• Product Dimensions: 9.1 x 6.2 x 1.3 inches
  • Shipping Weight: 14.4 ounces
  • Average Customer Review: 4.2 out of 5 stars  See all reviews (46 customer reviews)
  • Amazon Best Sellers Rank: #252,722 in Books (See Top 100 in Books)

More About the Author

"One of the world's preeminent military historians." - Military Review, U.S. Army

Combat historian, bestselling author, and public speaker Patrick K. O'Donnell has written ten critically acclaimed books that recount the epic stories of America's wars from the Revolution to Iraq. He is a premier expert on elite and special operations units and irregular warfare. O'Donnell's books are described as "nonfiction that read like fiction."

WASHINGTON'S IMMORTALS: The Untold Story of an Elite Regiment Who Changed the Course of the Revolution is his newest book.

His bestseller, BEYOND VALOR, which tells the gripping tales of U.S. WWII Ranger and Airborne veterans, won the William E. Colby Award for Outstanding Military History. O'Donnell's WE WERE ONE: Shoulder to Shoulder With the Marines Who Took Fallujah is required reading for Marines and is on the Commandants' Professional Reading List.

His other books include: FIRST SEALs: The Untold Story of the Forging of America's Most Elite Unit; INTO THE RISING SUN: WWII's Pacific Veterans Reveal the Heart of Combat; OPERATIVES, SPIES, and SABOTEURS: The Unknown Story of the Men and Women of WWII's OSS; THE BRENNER ASSIGNMENT: The Untold Story of the Most Daring Spy Mission of WWII; THEY DARED RETURN: The True Story of Jewish Spies Behind the Lines in Nazi Germany (the story behind the "Real Inglorious Bastards"); and GIVE ME TOMORROW: The Korean War's Greatest Untold Story - The Epic Stand Of The Marines Of George Company; DOG COMPANY: The Boys of Pointe du Hoc -- The Rangers Who Accomplished D-Day's Toughest Mission and Led the Way Across Europe;

His books have been Main or Alternate selections of the Book-of-the-Month, History, and Military History Book Clubs. Reviewers from media outlets as diverse as The Wall Street Journal, Washington Post, USA Today, Jerusalem Post, Los Angeles Times, CNN, C-SPAN, and National Public Radio (NPR) have hailed his publications.

O'Donnell has been studying World War II and modern war since childhood. He has a passion for finding ways to preserve the oral histories of America's combat veterans for generations to come. Nearly two decades ago, he founded The Drop Zone, the first online military oral history project and virtual museum. This award-winning website contains many of the thousands of interviews O'Donnell personally conducted with veterans and their adversaries, making it one of the largest private collections of historical materials from elite and special operations troops.

As an expert on WWII espionage, special operations, and counterinsurgency on the modern battlefield, the historian has helped with production and writing for numerous documentaries produced by the BBC, the History Channel, and others. See Discovery/AHC's Against the Odds: Bloody George at the Chosin Reservoir based on his book Give Me Tomorrow, and History Channel's Shoot Out D-Day Fallujah https://www.youtube.com/watch?v=bKPmnwAtZSM . His book, They Dared Return, is the award-winning documentary: Real Inglorious Bastards https://youtu.be/b_HPrFLy-GM. He has appeared as a guest on countless television and radio shows on NPR, CNN, FOX, Discovery, and other networks.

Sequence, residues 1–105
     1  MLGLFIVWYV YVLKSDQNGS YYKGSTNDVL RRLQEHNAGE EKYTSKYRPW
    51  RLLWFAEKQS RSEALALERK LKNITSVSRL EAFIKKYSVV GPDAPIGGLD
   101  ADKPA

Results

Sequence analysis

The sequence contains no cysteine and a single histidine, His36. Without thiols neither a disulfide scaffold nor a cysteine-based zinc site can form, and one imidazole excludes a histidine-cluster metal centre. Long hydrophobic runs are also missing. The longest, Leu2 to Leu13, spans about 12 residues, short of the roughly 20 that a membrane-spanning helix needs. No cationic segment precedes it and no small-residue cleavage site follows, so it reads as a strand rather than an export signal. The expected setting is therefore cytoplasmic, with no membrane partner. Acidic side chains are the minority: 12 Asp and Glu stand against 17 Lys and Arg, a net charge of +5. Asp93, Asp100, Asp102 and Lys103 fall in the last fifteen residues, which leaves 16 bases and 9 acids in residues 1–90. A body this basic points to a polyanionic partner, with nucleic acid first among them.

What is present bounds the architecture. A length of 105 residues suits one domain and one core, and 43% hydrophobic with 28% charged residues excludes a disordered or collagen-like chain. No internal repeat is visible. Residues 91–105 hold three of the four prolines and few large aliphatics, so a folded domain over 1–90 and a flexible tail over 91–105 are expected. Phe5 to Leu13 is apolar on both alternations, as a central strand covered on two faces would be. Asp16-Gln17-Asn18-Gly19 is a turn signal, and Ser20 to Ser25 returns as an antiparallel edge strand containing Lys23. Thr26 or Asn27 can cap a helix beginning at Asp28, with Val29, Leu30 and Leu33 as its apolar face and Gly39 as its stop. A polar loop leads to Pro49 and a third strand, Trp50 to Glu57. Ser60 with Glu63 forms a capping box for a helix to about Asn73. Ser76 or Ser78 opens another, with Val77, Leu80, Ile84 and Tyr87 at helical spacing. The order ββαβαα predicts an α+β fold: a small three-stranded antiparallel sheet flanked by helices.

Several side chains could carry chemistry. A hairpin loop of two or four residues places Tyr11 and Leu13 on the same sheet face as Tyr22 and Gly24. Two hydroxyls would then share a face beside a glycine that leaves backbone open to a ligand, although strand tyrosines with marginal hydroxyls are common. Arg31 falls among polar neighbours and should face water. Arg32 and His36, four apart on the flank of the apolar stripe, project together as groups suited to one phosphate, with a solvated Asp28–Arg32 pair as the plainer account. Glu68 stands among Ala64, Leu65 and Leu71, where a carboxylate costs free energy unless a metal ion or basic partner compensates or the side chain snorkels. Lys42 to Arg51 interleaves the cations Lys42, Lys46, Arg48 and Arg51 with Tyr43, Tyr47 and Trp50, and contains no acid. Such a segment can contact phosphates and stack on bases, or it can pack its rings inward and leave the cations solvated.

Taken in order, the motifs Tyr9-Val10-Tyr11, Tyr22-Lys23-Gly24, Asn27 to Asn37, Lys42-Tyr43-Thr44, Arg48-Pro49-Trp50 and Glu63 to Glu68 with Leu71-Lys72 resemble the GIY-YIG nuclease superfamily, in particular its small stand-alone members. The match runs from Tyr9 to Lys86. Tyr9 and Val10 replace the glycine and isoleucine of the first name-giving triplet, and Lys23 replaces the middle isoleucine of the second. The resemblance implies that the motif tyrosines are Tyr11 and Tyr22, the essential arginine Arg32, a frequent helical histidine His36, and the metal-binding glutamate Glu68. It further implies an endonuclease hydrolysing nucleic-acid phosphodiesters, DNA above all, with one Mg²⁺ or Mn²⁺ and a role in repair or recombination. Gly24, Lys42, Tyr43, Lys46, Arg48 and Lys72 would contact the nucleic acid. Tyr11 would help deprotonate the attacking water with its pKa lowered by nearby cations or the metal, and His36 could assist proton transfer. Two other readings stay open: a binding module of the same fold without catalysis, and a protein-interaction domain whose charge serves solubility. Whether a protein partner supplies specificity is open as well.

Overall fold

He also provided historical consulting for DreamWorks' award-winning miniseries Band of Brothers, as well as for the billion-dollar Medal of Honor game franchise.

O'Donnell not only writes about combat--he's experienced it firsthand. During the Iraq war, he was embedded with military units as the only civilian combat historian to volunteer and spend three months in Iraq documenting the experiences of troops in battle. He fought with a Marine rifle platoon (Lima Company 3/1) during the Battle of Fallujah, surviving several ambushes, and carried a mortally wounded Marine out of a firefight with Chechen insurgents. (See WeWereOne.com and The History Channel's: Shoot Out D-Day Fallujah.)

On his second tour to Iraq, he served as a war correspondent for Men's Journal and Fox News, reporting on the conflict in Iraq from the perspective of the Marines on the ground. He has written for Military History Quarterly (MHQ) and WWII Magazine and is a contributor to The National Review, as well as a variety of nationally recognized publications.

He also provided historical consulting for DreamWorks' award-winning miniseries Band of Brothers, as well as for the billion-dollar Medal of Honor game franchise.

His skills and expertise have been tapped by private sector firms and government agencies, including DARPA (Defense Advanced Research Projects Agency). For the agency, O'Donnell worked on modern weapons systems for urban warfare, researched and analyzed counter-insurgency strategies and tactics, and assessed German technology from WWII, focusing on its application to the modern battlefield.

Because he believes in experiencing the places and people about which he writes, O'Donnell has traveled to nearly all of the battlefields of North America and many of the WWII battlefields in Northern Europe. In addition, each one of his books contains scores, if not hundreds, of oral history interviews, combined with years of archival research. For example, The Brenner Assignment was based on 10,000 primary source documents.